A common condition of knee pain and inflammation is Knee Osteoarthritis (KOA). This is a degenerative joint disease process involving the knee joint cartilage and bone hyperplasia. The chronic nature of KOA will ultimately lead to pain and limited joint movement (1).
The knee is a complex structure and being the largest joint in the body, is one that is most prone to frequent acute injury as well. Structural components of the knee joint include several muscles groups that function to straighten the leg (extension) and bend the leg (flexion) at the knee. Associated tendon and ligament attachments, i.e. the anterior cruciate ligament (ACL) and medial collateral ligament (MCL)together help coordinate and control motion by connecting bones. Ultimately, the surrounding knee cartilage act to cushion the knee and serve as a type of “shock absorber” during motion.
Knee injuries can be caused by several factors. Most complaints of knee pain result from some form of trauma, such as a torn or ruptured ligament; a broken or fractured kneecap; torn cartilage; or an accident that causes damage to the area or strains the knee beyond its normal range of motion. Other conditions that can lead to knee pain are infections; osteoarthritis; hemarthrosis (blood in the knee joint); cysts; and bone tumors. Poor weight management can also contribute to knee problems by causing excess strain on ligaments and cartilage.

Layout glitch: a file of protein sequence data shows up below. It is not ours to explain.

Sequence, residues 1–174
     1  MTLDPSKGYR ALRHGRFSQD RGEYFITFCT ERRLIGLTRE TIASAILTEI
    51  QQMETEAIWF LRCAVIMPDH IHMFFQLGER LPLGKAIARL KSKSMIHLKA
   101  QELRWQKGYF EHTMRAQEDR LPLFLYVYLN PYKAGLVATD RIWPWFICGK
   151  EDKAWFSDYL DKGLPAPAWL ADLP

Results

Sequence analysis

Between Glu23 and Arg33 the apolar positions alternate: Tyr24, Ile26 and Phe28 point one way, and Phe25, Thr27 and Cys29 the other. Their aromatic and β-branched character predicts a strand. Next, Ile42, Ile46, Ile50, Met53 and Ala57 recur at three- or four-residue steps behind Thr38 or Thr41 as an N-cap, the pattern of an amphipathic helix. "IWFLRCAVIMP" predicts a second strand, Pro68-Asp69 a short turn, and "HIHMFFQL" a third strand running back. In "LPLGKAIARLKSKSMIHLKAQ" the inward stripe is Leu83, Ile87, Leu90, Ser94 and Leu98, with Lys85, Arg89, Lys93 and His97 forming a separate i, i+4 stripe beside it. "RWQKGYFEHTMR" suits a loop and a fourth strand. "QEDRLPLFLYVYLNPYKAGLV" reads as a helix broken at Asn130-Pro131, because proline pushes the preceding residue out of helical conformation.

How Acupuncture Can Help
According to Traditional Chinese Medicine principles (TCM), pain is experienced when the body’s energy flow within the channels, or meridians, is disrupted or becomes unbalanced, a condition known in TCM as a diagnosis of “Qi and blood stagnation.” The goal of acupuncture (as one modality of TCM) is to restore the flow of this foundational and essential energy, relieve the pain and regain function and integrity of the knee joint.
What to Expect from your Treatment?
A thorough evaluation and assessment of the knee (and with regards to any previous diagnostic imaging or interventions i.e. X-ray, MRI, arthroscopic surgery and cortisone injections) will precede the acupuncture treatment. The actual treatment will involve the placement of very fine acupuncture needles at specific points along the body’s meridians, which may be located distally away from the knee or surrounding the knee depending on the treatment approach. The outcome of acupuncture promotes proper blood microcirculation and oxygenation to the tissues so that the healing mechanism of the body is activated. Other TCM modalities that can be combined with acupuncture in the treatment of knee pain include Tuina (Chinese medical massage), moxibustion, and electrical stimulation. For chronic cases, traditional Chinese herbal formulas may be implemented to achieve long lasting pain relief.
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